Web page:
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Why is it forbidden to count Jewish people?

  

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Rabbi Jacobson: Welcome to askmoses. How can I be of help today?

Jason23: Why is it forbidden to count Jewish people? Can you explain me. Thanks in advance

Rabbi Jacobson: The Talmud relates1 "R. Eleazar said: Whosoever counts Israel, transgresses a [biblical] prohibition, as it is said: 'Yet the number of the children of Israel shall be as the sand of the sea, which cannot be measured.'2 R. Nahman b. Isaac said: He would transgress two prohibitions, for it is written: 'Which cannot be measured nor numbered'"

Rabbi Jacobson: the way to count is by counting something else, like by Saul, he told the ppl to bring each one a sheep, they counted the sheep & that way they knew the number--- or as in the Torah, the census was taken by the each one giving half shekel - then counting the coins.

Rabbi Jacobson: when we count ppl for a Minyan we count by using a verse that has 10 words, e.g.3  "hoshiah et amecha..." "Save your people..."

Jason23: Thanks Rabbi

Rabbi Jacobson: You're welcome, come again if you have any more questions

All names, places, and identifying information have been changed or deleted in order to protect the privacy of the questioners. In order to preserve authenticity, the chat sessions have been posted with a minimum of editing. Please excuse typographical errors, missing punctuation, and/or grammatical mistakes which naturally occur in the course of informal chat sessions.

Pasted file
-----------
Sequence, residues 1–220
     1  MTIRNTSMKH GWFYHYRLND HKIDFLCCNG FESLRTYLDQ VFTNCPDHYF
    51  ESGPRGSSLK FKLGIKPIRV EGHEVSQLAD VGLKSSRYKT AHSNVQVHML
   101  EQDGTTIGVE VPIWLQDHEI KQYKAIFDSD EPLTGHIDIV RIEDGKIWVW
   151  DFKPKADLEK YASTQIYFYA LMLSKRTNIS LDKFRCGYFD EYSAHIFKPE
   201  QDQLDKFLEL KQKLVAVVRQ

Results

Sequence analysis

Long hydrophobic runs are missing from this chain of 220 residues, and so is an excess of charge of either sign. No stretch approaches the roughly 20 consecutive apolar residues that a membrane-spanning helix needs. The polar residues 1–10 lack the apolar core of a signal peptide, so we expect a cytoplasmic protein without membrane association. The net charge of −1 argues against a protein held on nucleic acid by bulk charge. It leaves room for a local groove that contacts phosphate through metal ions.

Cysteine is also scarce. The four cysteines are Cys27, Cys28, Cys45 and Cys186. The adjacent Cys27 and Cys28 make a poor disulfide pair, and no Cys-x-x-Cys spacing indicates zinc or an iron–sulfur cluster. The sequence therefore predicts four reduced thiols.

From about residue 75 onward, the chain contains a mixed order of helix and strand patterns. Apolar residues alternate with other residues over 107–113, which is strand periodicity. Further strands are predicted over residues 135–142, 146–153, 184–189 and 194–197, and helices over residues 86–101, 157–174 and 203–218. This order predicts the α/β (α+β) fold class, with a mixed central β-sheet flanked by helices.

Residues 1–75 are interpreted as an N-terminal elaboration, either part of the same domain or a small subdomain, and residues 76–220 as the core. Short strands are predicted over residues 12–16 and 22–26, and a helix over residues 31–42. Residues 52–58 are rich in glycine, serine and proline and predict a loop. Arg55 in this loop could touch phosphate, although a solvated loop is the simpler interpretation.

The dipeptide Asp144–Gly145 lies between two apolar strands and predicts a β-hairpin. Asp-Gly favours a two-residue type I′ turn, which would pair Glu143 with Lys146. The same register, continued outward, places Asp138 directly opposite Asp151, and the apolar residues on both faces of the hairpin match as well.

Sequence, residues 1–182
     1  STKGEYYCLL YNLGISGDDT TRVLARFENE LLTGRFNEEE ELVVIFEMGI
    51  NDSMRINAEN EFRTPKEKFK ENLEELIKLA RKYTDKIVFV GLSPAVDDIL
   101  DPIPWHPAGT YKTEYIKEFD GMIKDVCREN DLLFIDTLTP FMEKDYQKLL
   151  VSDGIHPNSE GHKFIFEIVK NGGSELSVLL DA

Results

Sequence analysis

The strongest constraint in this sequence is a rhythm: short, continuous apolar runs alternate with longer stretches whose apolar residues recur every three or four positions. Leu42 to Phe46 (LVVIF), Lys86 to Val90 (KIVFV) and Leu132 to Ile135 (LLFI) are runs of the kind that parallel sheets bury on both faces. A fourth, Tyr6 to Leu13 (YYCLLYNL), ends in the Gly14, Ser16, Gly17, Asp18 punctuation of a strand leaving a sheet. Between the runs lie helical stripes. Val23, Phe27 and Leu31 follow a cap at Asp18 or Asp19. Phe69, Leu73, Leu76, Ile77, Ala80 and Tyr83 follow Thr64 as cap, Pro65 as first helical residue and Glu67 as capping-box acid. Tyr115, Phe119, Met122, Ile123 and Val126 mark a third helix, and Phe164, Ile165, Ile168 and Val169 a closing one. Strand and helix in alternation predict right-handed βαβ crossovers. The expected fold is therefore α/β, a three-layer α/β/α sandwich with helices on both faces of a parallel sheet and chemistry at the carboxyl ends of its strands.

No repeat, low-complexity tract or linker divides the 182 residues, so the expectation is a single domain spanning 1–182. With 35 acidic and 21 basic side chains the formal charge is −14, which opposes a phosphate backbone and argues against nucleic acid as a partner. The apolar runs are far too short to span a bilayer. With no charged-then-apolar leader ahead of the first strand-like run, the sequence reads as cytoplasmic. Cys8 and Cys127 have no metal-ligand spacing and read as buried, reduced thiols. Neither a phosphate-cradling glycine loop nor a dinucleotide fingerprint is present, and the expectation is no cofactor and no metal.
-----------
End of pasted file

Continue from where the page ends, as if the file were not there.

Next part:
Footnotes

  • 1. Yoma 22b.
  • 2. Hosea II, 1. "Cannot be numbered" is interpreted-and grammatically there is no solid objection as "should not, must not be numbered", thus a positive statement becomes a prohibition. The assumption is justified that here again the ultimate basis of the prohibition is not this passage, but the passage is a peg on which to hang the idea. There are more obvious sources of the prohibition known to the disputants.
  • 3. Psalms 28:9.

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Torah
Torah is G–d’s teaching to man. In general terms, we refer to the Five Books of Moses as “The Torah.” But in truth, all Jewish beliefs and laws are part of the Torah.
Talmud
Usually referring to the Babylonian edition, it is a compilation of Rabbinic law, commentary and analysis compiled over a 600 year period (200 BCE - 427 CE). Talmudic verse serves as the bedrock of all classic and modern-day Torah-Jewish literature.
Isaac
Second of the three Jewish Patriarchs, son of Abraham and Sarah. Lived in Canaan (Israel); b. 1712 BCE, d. 1532 BCE.
Saul
First king of Israel, anointed by the prophet Samuel in 878 BCE. Was dethroned because he failed to carry out G-d's command, and the royal crown was transferred to King David and his descendents.
shekel
(pl. Shekalim) Currency used in ancient Israel. [Modern Israeli currency also carries the same name.]
Minyan
A quorum consisting of ten adult male Jews. A minyan is necessary to recite the kaddish or to publicly read from the Torah scroll.